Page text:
[XML-SIG] DOM API
Sun, 25 Apr 1999 10:14:31 -0600
> As I said in my other messages, I want minidom to be a of PyDOM and 4DOM
> and hopefully the start of a common API. In that vein, minidom makes some
> decisions and extensions that we should discuss:
> dom = DOMFromString( string, SAXbuilder=None )
> dom = DOMFromURL( URL, SAXbuilder=None )
> dom = DOMFromFile( file, SAXbuilder=None )
As I've mentioned, 4DOM already supports these functions, if under different
names (which we don't mind normalizing to any names that are generally agreed
upon). We do have a few additional parameters, though, which I think are
essential for strict DOM compliance, which I realize is not a key goal of
PyDOM and minidom, but they're probably fodder for discussion.
def FromXML( xmlStr,
* ownerDocument alows us to set this property for generated nodes. If None, we
create a new Document node from the factory and add the built nodes to the
document. If the ownerDocument _is_ set, the new nodes are not added to the
document, and a DocumentFragment is returned instead. This behavior
corresponds to most of the use-cases we determined for building.
* validate is to tell the parser whether or not to validate
* keepAllWS basically tells the SAX handler whether to discard
* catName is for Xcatalog support (xmlproc only). I don't think this needs be
considered for a unified DOMFromString
* SAXHandlerClass is our equivalent of your SAXBuilder
> The default SAXBuilder would probably be the PyDOM or minidom builder.
> Minidom uses mixed lower-first for property names. For compatibility with
> PyDOM, properties can be requested through get_ methods. My question is:
> do we really need get_ methods? They don't seem very Pythonish to me. Or
> maybe we can use them as implementation mechanism (_get_) but not expose
> them to the client.
> I prefer the class-specific properties to the weird generic ones: tagName
> to nodeName, value to nodeValue and so forth. Obviously PyDOM and 4DOM
> would implement both but I don't see any reason to support that redundancy
> in minidom.
> I made some namespace extensions because we can't wait forever to do
> namespace support.
> getAttribute( "foo", "http://www.blah.bar" )
> Looks up the obvious attribute.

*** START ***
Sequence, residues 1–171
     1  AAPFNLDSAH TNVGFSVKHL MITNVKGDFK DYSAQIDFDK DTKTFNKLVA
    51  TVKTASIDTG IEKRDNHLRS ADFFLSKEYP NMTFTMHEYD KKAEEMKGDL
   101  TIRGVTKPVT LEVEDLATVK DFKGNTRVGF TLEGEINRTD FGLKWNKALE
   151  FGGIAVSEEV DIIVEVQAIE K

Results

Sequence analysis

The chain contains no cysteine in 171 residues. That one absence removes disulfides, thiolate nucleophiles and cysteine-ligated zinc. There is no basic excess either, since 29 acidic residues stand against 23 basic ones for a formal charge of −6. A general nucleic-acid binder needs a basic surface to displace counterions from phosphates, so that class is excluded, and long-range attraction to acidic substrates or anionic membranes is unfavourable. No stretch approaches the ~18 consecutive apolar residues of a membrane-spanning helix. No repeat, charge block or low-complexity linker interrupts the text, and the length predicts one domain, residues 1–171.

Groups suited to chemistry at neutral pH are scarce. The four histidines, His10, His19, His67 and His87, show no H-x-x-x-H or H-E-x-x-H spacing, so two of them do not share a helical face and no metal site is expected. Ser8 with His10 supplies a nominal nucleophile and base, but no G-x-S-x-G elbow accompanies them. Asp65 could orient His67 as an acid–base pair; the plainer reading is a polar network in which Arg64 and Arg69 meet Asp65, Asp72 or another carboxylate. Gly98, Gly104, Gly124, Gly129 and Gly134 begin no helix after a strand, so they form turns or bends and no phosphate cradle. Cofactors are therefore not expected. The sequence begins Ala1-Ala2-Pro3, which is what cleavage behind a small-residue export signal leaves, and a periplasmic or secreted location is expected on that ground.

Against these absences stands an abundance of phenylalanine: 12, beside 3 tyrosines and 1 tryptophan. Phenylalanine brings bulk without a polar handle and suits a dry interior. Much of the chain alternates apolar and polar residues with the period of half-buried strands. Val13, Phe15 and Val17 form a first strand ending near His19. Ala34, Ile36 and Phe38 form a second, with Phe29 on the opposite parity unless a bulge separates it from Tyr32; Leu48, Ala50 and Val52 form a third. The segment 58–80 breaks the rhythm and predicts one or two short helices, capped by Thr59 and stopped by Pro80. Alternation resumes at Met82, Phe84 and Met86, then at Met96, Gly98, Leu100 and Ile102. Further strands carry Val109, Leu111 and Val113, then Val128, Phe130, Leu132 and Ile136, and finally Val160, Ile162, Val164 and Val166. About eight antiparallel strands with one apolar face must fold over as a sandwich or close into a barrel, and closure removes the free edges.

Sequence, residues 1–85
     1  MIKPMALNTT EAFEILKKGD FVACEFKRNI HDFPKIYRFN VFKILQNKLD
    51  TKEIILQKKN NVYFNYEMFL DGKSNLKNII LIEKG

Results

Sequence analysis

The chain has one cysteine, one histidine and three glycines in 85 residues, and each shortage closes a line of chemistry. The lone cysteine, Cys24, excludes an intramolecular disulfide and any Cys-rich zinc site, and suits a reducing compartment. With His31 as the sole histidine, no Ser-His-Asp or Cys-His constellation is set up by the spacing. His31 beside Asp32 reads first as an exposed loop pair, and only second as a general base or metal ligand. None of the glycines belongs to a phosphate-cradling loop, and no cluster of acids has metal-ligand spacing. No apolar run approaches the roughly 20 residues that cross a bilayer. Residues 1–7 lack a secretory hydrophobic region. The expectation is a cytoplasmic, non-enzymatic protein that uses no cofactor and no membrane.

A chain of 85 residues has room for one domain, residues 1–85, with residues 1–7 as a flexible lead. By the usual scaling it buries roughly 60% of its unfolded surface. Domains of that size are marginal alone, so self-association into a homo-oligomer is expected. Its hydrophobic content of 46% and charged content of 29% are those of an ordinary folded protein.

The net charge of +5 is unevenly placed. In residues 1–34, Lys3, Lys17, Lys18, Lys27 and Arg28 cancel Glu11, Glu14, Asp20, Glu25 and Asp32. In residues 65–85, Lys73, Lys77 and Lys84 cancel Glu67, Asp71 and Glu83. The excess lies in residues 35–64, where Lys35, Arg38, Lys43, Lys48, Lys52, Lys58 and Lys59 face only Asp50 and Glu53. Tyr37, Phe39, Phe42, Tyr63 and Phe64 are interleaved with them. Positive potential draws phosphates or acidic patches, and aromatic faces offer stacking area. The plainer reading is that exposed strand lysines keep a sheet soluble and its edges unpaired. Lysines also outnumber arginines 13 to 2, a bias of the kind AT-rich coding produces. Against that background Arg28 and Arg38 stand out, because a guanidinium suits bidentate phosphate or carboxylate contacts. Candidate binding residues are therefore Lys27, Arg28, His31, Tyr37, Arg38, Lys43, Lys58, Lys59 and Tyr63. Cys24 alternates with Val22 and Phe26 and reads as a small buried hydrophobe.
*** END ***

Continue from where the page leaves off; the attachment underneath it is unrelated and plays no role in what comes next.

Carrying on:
> element.localName gets the second have of the element type name.
> element.uri gets the URI associated with the prefix.
> element.prefix gets the element's prefix. I don't think that the
> namespaces view that prefixes are irrelevant should obviate the XML 1.0
> view that they are NOT. Even if we accept the namespaces view of the world
> entirely, prefixes are chosen to be mmenonmic so they shouldn't be
> discared by software.
> element.attributes returns an attribute mapping object that I think
> behaves exactly like PyDOMs except for namespace support:
> x.attributes["foo", "http://www.blah.bar"]
> This also works, however:
> x.attributes["bar:foo"] (just as in PyDOM)
> Namespace attributes ARE maintained as attributes. keys(), items() and
> values() should be the same as PyDOM.
We might consider this for Namespace support for 4DOM, although we had been
planning to wait for W3C to jump, so that we could maintain
standards-compliance. Right now 4DOM just treats namespaces entirely
opaquely, i.e. ignores them. Maybe there is a way to add your above
suggestions to DOM.Ext.
> I should unify my Error class with PyDOM's.
> I am considering the following enhancements:
> element.elements: returns a list of element children.
In full DOM, this is trivial using Level 2 iterators. We'd have no problem
adding a wrapper function to DOM.Ext, though.
> element.getText: returns a list of deep list of data from the text nodes.
> Do your own string.join to choose an appropriate join character.
I'm not sure how useful this is if we omit the semantics of nested elements.
I would see more use for a method that simply returns the XML text within an
element, including nested tags.
> element.getChild("FOO") returns the first child (not descendant) element
> with specified element type name.
I've never had a need for such a method. I often need all such elements, in
which case I just use getElementsByTagName.
> element.getChild("FOO", "http://...") does the obvious thing.
> element.getChild( "#PCDATA" ) gets a list of child text nodes.
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